Marcela Foster Simons might not be tall, but she’s a woman with one hell of a presence. The 40-year-old spoke unabashedly—a stark difference from other Miskito women. When her husband suggested he’d head into town, she quickly raised her eyebrows and said, “Not without me.”
Foster is a human rights defender and coordinator with Yatama, an Indigenous political party with a stronghold on the coast. She’s not afraid of the Ortega dictatorship and the Sandinistas who continue to rot her country.
Options for work may be limited, but she would never succumb to working for the Sandinista government. No respectable Miskito would. This is, after all, the same government that bombed and terrorized their communities in the 1980s. The state-sponsored violence continues today—especially on Miskito land, which has become a prized commodity for settlers supported by the president.
Foster won’t sit back and let that happen. In fact, her fearlessness nearly got her killed.
“People used to talk a lot about the future—not just with climate migration but also with climate change—but the reality is that the climate crisis is here.”
Two summers ago, after days of rallying to demand the government allow local elections near a university in Kamla, Nicaragua (where she lives), armed assailants, likely paid by the Sandinista party, arrived. And Foster was their target. On June 26, 2019, they nearly killed her. She pointed to a scar on her left arm where the assailants fractured her arm. She still can’t see well from her left eye, which required surgery to save. Though two men were arrested, she said only one went to jail—and the police didn’t take long to release him.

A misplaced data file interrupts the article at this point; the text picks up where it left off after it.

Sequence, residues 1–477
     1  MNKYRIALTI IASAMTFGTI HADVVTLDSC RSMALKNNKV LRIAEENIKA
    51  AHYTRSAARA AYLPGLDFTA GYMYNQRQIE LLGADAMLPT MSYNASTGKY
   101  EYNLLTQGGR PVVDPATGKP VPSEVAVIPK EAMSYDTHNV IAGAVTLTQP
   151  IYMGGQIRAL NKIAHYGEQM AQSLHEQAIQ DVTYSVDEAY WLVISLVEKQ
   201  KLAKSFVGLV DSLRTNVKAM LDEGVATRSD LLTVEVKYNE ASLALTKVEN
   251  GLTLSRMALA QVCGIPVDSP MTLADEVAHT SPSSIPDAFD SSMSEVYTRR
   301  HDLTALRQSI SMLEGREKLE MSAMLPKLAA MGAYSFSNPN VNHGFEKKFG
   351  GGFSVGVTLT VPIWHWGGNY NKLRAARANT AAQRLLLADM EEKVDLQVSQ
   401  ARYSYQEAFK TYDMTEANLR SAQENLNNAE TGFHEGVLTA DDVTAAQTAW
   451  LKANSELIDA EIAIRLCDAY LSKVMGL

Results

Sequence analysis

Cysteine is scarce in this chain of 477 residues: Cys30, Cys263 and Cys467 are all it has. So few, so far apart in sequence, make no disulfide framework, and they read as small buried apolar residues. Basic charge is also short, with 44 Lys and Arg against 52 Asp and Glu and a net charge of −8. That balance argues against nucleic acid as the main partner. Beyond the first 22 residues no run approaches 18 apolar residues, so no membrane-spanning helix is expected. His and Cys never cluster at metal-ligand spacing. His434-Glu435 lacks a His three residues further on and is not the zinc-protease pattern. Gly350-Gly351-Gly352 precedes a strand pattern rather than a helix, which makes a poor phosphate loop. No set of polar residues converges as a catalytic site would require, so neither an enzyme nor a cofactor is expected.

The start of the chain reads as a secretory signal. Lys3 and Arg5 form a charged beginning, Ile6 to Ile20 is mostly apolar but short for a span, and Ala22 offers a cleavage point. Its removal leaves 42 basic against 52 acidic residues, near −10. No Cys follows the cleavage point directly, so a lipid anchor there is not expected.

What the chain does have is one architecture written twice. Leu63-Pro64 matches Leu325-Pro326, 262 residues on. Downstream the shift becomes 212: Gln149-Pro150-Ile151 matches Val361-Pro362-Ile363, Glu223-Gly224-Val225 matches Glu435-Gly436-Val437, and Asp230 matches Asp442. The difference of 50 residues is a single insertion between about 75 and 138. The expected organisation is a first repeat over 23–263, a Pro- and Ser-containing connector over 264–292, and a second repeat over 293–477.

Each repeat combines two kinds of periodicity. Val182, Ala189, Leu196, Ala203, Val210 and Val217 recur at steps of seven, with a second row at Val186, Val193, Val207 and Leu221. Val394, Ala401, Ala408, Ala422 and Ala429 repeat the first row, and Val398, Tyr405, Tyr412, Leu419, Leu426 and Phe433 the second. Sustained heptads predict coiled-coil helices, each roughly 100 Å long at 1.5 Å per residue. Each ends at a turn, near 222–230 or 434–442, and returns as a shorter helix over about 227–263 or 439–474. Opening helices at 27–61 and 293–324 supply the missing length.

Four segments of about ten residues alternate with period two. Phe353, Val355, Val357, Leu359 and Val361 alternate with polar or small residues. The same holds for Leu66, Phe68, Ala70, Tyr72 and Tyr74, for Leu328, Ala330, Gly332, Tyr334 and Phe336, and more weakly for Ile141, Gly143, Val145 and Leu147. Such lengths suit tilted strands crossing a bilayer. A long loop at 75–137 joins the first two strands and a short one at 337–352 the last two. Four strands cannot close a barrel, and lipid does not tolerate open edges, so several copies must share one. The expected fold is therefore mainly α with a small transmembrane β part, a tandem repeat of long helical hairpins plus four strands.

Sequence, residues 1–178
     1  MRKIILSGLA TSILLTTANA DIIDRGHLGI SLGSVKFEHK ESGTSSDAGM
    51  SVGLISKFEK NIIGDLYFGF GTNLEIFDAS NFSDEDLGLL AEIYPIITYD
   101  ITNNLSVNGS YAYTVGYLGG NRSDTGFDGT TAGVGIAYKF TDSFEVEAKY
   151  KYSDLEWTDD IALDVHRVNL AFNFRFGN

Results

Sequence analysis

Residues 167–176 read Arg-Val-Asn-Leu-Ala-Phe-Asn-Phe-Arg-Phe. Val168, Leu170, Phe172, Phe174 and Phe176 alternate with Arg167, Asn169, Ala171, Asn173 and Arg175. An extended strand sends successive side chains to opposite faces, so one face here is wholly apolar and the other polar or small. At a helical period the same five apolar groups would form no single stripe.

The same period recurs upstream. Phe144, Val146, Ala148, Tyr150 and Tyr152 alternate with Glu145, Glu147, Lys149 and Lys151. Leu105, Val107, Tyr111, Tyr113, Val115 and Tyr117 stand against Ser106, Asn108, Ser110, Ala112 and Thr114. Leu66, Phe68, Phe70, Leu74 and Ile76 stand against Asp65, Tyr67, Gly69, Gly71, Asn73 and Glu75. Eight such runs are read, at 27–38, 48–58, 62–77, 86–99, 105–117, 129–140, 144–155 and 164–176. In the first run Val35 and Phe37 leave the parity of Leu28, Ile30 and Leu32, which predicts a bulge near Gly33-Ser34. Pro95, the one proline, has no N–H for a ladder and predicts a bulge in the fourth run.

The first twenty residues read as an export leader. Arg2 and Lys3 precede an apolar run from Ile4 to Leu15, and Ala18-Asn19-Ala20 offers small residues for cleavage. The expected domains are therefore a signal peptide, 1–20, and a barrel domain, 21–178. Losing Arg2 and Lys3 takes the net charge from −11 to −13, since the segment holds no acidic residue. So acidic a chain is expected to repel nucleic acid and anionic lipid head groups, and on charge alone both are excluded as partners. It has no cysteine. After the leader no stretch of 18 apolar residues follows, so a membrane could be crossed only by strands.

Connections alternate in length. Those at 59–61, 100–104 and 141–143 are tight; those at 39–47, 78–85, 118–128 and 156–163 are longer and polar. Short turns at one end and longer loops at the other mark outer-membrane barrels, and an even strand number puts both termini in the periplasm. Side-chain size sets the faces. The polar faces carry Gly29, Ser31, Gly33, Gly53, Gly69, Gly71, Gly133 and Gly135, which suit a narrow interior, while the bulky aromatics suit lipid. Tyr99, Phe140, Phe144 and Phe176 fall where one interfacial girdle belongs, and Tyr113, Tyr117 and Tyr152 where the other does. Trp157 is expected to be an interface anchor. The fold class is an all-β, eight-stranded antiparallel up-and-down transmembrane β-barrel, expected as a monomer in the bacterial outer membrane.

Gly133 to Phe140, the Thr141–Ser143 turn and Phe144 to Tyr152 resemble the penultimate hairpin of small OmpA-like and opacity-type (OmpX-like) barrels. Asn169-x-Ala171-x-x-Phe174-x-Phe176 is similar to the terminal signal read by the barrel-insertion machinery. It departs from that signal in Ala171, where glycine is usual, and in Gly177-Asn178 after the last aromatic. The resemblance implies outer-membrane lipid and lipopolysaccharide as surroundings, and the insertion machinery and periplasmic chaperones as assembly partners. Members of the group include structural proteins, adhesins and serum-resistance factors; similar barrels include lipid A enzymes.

“We just wanted to have a vote and elect our leaders,” Foster said. “And all my people saw when the men came around 3 a.m. with knives and guns, but we weren’t armed. The police investigated, but nothing came from it. I’m still waiting for justice.”
This is the reality for those who choose to stay in Nicaragua. They can opt to be outspoken like Foster and risk death—or they can watch as the government and its allies take advantage of their people. This is all taking place before a backdrop of global heating, which only makes the Miskito more vulnerable. For Foster, there’s no other choice. Her daughter wants her to retire, but she won’t. “I can’t betray my people,” she said as she sat in front of her home.
President Ortega’s violent escapades carry a deep and dark history. He kicked off his career by robbing a bank, which landed him in jail. Upon his release in 1974, the Nicaraguan government exiled him to Cuba, where the Sandinistas found much of their inspiration. Not long after Ortega made his way back to Nicaragua, his reign began. As one of the heads of the Sandinista National Liberation Front, also known as FSLN, he led the revolution against the Nicaraguan dictatorship.
By 1984, he was president. Back then, the Sandinista party was built on a revolutionary ethos to liberate the people and help the poor. But that didn’t last long. Ortega lost the presidency for some 17 years before winning an election again in 2007. This time, he didn’t pretend to care about the people or the Sandinistas’ original socialist platform. Since then, he has refused to give up power, going as far as to order the killings of those who oppose him. The 2017 elections, for instance, resulted in the massacre of seven protesters along the Miskito Caribbean Coast.